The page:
Fresh peaches provide respectable amounts of the antioxidant vitamins A and C in addition to potassium and fiber. Nectarines provide twice the vitamin A, slightly more vitamin C, and much more potassium than peaches.
There are hundreds of different peach cultivars (varieties), but basically there are two types: freestones and clingstones. In freestone types, the flesh separates readily from the pit. In the clingstone type, the flesh clings tightly to the pit. The flesh may be either yellow or white. Freestone types are usually preferred for eating fresh or for freezing, while clingstone types are used primarily for canning. Nectarines may be either yellow or white-fleshed.
Selecting Peaches and Nectarines for Consumption
High quality peaches and nectarines are firm and free from defects such as bruising, and insect and disease damage. The best ripe peaches and nectarines have a deep yellow or creamy white color rather than those that are pale or dark green. Color varies according to cultivar. Green color indicates immaturity. Peaches and nectarines harvested when too green may shrivel or fail to develop a desirable flavor upon ripening. The red blush makes the fruit attractive but may not be helpful in determining fruit maturity.
Peaches and nectarines that cannot be consumed or processed immediately should be stored at temperatures as near 32 degrees Fahrenheit as possible and in a high-humidity atmosphere to preserve quality. In many cases, the home refrigerator comes closest to meeting these storage conditions. It is best to use or process the fruit as quickly as possible since it is highly perishable under high temperatures and not well suited to prolonged cold storage (more than 14 days).
Should I Grow Peaches and Nectarines in My Home Garden?
Nothing compares to the taste of tree-ripe peaches or nectarines. Homeowners with available land may consider establishing a backyard fruit planting. Such a planting can be quite satisfactory if the fruit grower is aware of what it takes to grow high-quality peaches. Peach trees are subject to some serious insect pests and diseases. Frequently, the season’s crop may be lost either by flower bud kill due to low winter temperatures or to bloom kill by late-spring frosts. The best chances for success in growing peaches in the home landscape result from selecting bud-hardy cultivars, protecting the bloom from late-spring frosts, and managing insects and diseases. Those unable or unwilling to do these things should not attempt to grow the fruit, since the results will be disappointing.
Selecting Peaches and Nectarines for Planting
Regardless of whether the consumer is selecting peaches for consumption or nursery stock for planting, the choice of cultivar is most important. Because of past experience with crop loss due to winter bud kill, peach and nectarine cultivars are being carefully screened for bud hardiness and fruit quality before being recommended to growers. Refer to Table 1 for peach and nectarine cultivars suggested for Ohio gardens. Redhaven has been the most reliable cropping peach in Ohio and other cultivars can be tried to lengthen the harvest season.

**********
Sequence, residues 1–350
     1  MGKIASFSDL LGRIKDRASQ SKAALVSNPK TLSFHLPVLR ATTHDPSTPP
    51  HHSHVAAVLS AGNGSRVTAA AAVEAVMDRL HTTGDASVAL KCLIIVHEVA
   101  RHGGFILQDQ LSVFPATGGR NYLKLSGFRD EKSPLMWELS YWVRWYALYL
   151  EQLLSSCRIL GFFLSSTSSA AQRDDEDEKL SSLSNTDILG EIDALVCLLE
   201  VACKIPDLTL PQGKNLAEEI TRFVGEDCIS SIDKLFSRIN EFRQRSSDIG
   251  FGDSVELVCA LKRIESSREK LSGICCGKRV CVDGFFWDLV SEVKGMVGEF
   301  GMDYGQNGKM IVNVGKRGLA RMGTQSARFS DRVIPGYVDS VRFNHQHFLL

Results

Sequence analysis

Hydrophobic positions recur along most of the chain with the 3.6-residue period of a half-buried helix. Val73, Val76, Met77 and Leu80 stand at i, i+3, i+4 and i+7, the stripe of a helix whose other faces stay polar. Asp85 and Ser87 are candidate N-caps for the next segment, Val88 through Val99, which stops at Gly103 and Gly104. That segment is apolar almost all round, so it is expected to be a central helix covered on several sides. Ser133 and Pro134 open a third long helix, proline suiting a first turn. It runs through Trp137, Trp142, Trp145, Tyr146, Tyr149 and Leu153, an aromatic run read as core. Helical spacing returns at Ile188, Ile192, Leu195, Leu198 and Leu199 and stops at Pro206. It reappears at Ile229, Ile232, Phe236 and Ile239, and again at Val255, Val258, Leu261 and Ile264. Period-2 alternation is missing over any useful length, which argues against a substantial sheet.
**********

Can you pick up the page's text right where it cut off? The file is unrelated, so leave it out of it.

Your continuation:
Peach and nectarine cultivars do not require cross pollination and set satisfactory crops with their own pollen. A single peach or nectarine tree can, therefore, be expected to bear crops in the home landscape if flower buds or flowers are not killed by low temperatures. However, three to four trees of different cultivars will extend the season and might be more desirable for an average family.
Desirable nursery stock for planting consists preferably of one-year-old trees, 3 to 4 feet in height with good root system and a trunk caliper of 3/8 to 1/2 inch. Nursery stock of this type can be more easily transplanted and trained into a desirable tree form. Refer to the websites of common mail-order nurseries for available cultivars. Many local garden centers carry bare rooted and container-grown fruit trees. Both bare rooted and container grown fruit trees transplant well.
Site Selection, Soil Preparation and Planting
Peaches or nectarines require full sunlight and should not receive shade from buildings or tall trees. If possible, select a site with a high elevation so that cold air can drain away from the tree on a cold night during bloom. The best site will have well-drained sandy loam type soil. Peach or nectarine tree roots or rootstocks will not tolerate soils where water remains on or near the surface for more than one hour after a heavy rain.
Prepare the soil one to two years before planting so that soil pH, organic matter and nutrient status can be modified for the production of high quality peaches and/or nectarines. Prepare a bed at least 5 to 6 feet in diameter by cultivating (spading) 10 to 12 inches deep and adding organic matter such as manure, leaves, grass clippings and compost. Take a soil sample, have the soil tested by your local Extension office, and add the recommended lime and fertilizer. For best results, sample soils 6- to 8-inches deep every two to three years.
Plant your tree in the spring in the center of your prepared area. For grafted trees, keep the bud union 2 inches above the soil. Planting a peach or nectarine tree too deep in the soil can cause poor growth or death.